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The City’s Department of Economic and Community Development invites the community to attend a public forum to review the draft plan that outlines the overall concept of a transformed 17th Street Farmers’ Market. This community meeting will be held on Wednesday, April 9 from 6 to 8 p.m. on the second floor of Main Street Station, 1500 East Main Street. The City held two public meetings in October 2013 to gather input from residents and business owners as to how they would like the new public space to look and function. The April 9 meeting will detail the findings of the October meetings, followed by an opportunity for public comment.
As space is limited to 200 individuals, attendees are asked to RSVP to Jeannie Welliver at email@example.com or call (804) 646-7322 as soon as possible.
Free Parking for the community meeting will be available in the lot west of Main Street Station, which can be accessed from either 15th Street or East Franklin Street. Parking assistants will be onsite to assist attendees.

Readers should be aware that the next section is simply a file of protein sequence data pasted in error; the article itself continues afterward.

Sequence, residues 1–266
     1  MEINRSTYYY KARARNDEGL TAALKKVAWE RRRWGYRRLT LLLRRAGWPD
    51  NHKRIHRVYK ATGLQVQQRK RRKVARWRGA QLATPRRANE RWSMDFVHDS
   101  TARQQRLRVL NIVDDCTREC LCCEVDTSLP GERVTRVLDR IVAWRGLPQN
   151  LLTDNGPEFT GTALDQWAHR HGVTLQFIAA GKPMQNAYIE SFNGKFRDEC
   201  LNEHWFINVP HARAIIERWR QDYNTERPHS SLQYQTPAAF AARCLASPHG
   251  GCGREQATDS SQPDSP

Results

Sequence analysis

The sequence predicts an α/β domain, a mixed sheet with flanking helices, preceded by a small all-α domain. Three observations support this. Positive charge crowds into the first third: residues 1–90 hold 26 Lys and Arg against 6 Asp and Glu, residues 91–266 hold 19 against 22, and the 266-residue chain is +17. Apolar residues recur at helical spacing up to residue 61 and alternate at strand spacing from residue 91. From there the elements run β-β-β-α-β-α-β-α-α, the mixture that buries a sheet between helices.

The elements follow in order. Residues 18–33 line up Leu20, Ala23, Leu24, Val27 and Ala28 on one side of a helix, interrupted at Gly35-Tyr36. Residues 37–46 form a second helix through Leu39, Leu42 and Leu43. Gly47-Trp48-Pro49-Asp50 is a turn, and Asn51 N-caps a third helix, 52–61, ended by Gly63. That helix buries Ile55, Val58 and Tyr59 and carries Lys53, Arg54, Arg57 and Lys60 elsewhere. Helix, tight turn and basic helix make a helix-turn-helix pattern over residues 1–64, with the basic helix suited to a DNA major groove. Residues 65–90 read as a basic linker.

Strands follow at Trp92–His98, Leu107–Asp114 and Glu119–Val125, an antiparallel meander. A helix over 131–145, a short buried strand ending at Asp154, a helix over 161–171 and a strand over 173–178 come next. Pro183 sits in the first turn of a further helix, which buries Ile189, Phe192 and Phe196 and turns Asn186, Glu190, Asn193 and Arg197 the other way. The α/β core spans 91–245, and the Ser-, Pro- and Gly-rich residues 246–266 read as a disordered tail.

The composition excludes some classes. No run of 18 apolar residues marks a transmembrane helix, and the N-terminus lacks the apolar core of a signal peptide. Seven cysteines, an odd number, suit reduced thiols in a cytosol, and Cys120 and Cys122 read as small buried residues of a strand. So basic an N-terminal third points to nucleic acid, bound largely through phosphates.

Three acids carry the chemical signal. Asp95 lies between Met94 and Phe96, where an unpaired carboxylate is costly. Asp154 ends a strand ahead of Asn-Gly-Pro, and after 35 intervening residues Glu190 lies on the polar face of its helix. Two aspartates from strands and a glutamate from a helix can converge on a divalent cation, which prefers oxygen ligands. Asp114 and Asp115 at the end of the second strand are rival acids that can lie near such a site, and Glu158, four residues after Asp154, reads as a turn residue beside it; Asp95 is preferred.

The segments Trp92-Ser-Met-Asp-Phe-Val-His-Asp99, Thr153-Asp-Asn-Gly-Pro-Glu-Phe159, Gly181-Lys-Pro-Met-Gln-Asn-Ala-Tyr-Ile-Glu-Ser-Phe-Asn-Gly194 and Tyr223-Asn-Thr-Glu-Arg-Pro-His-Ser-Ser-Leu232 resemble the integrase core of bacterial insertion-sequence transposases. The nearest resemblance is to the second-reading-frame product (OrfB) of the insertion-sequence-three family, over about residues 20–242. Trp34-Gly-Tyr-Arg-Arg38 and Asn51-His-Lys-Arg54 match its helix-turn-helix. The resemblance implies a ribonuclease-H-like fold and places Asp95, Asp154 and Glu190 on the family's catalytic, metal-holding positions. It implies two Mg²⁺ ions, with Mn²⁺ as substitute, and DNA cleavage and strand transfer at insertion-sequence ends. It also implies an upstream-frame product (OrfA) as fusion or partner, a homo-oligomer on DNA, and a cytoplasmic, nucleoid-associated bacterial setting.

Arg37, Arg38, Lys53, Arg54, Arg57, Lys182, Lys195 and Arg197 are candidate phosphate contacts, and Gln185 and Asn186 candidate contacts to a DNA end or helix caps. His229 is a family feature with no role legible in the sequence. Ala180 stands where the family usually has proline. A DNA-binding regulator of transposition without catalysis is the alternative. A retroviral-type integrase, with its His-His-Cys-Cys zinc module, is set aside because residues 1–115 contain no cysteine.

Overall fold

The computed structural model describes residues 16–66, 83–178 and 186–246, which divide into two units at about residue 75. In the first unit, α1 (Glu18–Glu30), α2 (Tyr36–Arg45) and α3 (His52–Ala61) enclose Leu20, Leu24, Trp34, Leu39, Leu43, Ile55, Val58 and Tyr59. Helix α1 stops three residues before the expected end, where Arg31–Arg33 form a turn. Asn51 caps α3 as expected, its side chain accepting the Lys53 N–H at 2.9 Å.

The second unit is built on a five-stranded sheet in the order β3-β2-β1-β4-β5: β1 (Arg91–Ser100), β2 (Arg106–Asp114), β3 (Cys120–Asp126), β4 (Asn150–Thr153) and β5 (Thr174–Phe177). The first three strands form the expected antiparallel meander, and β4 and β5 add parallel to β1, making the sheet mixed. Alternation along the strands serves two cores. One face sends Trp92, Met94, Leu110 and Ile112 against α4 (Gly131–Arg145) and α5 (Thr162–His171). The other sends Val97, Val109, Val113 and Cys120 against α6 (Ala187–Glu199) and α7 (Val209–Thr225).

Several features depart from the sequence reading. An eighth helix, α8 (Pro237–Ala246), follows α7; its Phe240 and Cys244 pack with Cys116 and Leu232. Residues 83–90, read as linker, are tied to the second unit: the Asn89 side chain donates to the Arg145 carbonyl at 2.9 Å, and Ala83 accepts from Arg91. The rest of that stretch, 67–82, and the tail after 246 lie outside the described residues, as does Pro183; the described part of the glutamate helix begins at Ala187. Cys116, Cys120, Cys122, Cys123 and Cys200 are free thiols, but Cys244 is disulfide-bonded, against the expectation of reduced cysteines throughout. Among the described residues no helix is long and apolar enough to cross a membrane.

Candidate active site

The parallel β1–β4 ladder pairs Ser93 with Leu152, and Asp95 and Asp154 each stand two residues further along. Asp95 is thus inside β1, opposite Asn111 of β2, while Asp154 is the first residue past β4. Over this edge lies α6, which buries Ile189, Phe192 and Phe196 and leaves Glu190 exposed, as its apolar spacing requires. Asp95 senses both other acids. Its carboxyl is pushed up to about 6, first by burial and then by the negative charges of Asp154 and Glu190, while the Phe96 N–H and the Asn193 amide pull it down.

Beginning in 2010, the City’s Department of Economic and Community Development worked with the community and Shockoe stakeholders to develop a revitalization strategy for the area. The community desired a more open urban space at the public market that would serve the vendors on market days, continue to serve large events, but also support a wider range of community and family-oriented programming.
In FY 2013 and FY 2014, the City supported the concept and budgeted funding to reposition the property to more fully serve the community as a public square and gathering place. Included in City funding is to bury overhead utilities along the four sides of the market square.
The "publick market" in Shockoe Bottom was established in 1779 as part of the General Assembly action that declared Richmond to replace Williamsburg as the capital of Virginia. The "publick square" was located where the 17th Street Farmers' Market now stands. Many structures have stood on the site including simple sheds to elaborate two story structures. Today's structures were erected in the 1980's.